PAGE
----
Also relevant to this appeal are two other subsections of § 46b–172. “An acknowledgment of paternity signed in any other state according to its procedures shall be given full faith and credit by this state. General Statues § 46b–172 (a) (H). Additionally, subsection (c) (1) of that statute provides in relevant part: “At any time after the signing of any acknowledgment of paternity, upon the application of any interested party, the court or any judge thereof or any family support magistrate in IV–D support cases and in matters brought under sections 46b–301 to 46b–425, inclusive, shall cause a summons ․ to be issued, requiring the acknowledged father to appear in court at a time and place as determined by the clerk ․ to show cause why the court or the family support magistrate ․ should not enter judgment for support of the child ․”
Nowhere in the pertinent language of § 46b–172 is a plaintiff required to provide either the magistrate or the trial court with a copy of an acknowledgment of paternity in order for a support petition to proceed. Indeed, the procedure for a hearing on a support petition merely requires that the acknowledged father be served with a summons to appear in court, and such summons need not be accompanied by a copy of the acknowledgment. Moreover, the acknowledgment need not be filed in order to be valid.8 The requirements do not change for an out-of-state acknowledgment; pursuant to § 46b–172, an out-of-state acknowledgment is to be given the same full faith and credit as an acknowledgment executed in Connecticut. Had the legislature intended to require out-of-state acknowledgments to be submitted to the magistrate in order for them to be given the same full faith and credit as a Connecticut acknowledgment, it could have added such a provision. Accordingly, we conclude that, in finding that the magistrate properly dismissed the support petition on the basis that a copy of the Massachusetts acknowledgment was required, the trial court acted in contravention to the plain and unambiguous language of § 46b–172.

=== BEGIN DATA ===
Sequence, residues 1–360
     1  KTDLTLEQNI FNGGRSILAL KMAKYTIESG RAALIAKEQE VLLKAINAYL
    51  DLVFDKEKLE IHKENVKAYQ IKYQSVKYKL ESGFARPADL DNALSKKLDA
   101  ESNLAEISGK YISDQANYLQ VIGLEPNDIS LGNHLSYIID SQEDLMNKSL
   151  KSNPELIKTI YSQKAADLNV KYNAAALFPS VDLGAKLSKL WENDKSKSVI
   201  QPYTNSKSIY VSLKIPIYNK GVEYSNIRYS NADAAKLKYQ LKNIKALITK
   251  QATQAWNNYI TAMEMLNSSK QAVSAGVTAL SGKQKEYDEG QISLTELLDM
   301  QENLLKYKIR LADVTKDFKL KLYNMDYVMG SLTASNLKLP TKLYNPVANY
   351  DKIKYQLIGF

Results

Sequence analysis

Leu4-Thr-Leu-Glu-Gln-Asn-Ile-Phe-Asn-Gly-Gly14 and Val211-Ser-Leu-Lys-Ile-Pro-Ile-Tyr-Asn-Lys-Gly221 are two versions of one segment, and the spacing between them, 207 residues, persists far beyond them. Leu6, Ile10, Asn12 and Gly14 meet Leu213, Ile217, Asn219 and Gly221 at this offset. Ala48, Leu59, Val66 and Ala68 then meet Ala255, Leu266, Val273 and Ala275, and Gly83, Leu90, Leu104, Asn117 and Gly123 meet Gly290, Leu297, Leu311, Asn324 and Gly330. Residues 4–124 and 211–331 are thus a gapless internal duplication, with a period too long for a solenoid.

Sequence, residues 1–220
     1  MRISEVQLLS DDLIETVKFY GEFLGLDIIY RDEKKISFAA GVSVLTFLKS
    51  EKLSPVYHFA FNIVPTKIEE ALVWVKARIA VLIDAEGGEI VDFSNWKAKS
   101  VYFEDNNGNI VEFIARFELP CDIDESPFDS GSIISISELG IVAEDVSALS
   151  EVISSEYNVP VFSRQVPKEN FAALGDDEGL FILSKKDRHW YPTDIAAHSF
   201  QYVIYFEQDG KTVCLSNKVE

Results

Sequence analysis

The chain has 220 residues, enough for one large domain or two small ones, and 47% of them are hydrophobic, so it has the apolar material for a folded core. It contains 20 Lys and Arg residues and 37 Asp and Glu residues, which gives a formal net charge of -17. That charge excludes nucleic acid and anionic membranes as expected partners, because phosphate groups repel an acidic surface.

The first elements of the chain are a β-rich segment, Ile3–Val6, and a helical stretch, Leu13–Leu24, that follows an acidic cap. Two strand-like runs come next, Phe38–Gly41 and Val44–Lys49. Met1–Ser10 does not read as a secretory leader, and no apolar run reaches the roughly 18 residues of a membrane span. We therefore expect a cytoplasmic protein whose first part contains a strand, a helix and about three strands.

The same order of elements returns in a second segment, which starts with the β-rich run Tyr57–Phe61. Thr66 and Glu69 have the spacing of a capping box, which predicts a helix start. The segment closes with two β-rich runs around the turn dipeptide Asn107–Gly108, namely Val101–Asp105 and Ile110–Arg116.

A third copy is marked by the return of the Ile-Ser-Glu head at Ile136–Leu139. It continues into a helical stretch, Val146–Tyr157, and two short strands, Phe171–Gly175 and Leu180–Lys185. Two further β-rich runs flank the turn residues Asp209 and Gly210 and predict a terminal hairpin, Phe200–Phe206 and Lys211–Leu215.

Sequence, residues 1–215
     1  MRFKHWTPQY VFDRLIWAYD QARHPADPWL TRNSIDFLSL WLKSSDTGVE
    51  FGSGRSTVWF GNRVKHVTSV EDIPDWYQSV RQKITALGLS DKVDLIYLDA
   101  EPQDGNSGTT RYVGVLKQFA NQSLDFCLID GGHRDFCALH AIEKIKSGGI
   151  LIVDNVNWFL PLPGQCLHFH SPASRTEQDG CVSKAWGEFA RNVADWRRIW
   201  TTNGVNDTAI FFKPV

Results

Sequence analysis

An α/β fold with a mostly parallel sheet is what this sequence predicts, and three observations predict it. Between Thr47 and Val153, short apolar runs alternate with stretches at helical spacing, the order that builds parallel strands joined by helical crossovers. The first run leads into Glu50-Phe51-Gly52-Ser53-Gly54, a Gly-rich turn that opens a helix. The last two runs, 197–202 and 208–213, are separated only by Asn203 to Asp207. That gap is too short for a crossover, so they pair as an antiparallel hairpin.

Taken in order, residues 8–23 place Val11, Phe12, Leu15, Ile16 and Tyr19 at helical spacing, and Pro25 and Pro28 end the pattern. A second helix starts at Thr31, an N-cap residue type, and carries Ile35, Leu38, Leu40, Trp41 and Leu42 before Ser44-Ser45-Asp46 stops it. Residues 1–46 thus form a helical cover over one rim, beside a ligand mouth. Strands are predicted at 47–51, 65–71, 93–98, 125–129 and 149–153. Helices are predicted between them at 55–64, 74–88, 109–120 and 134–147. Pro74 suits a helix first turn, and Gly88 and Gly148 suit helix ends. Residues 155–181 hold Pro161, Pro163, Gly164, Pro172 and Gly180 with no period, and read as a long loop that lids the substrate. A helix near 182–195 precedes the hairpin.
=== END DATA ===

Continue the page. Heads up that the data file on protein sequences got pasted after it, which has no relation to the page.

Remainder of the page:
Turning now to § 46b–215, subsection (a) (1) provides: “The Superior Court or a family support magistrate may make and enforce orders for payment of support against any person who neglects or refuses to furnish necessary support to such person's spouse or a child under the age of eighteen or as otherwise provide in this subsection, according to such person's ability to furnish such support, notwithstanding the provisions of section 46b–37. If such child is unmarried and a full-time high school student, such support shall continue according to the parents' respective abilities, if such child is in need of support, until such child completes the twelfth grade or attains the age of nineteen, whichever occurs first.” Moreover, § 46b–215 (a) (4) provides that “[f]or purposes of this section, the term ‘child’ shall include one born out of wedlock whose father has acknowledged in writing paternity of such child or has been adjudged the father by a court of competent jurisdiction ․”
Section 46b–215 (a) (4) creates a duty for parents, married or otherwise, to support their children. An individual who has a child out of wedlock may be subject to this duty if he acknowledged paternity in writing. The statute, however, does not explicitly or implicitly require that the written acknowledgment be submitted as evidence in order for a magistrate to proceed on a support petition. Had the legislature intended such, it would have incorporated into the language of the statute a requirement that the acknowledgment must be submitted. Accordingly, we conclude that the trial court acted in contravention to the plain and unambiguous language of § 46b–215 when it found that the magistrate properly dismissed the support petition for the failure to provide a copy of the Massachusetts acknowledgment.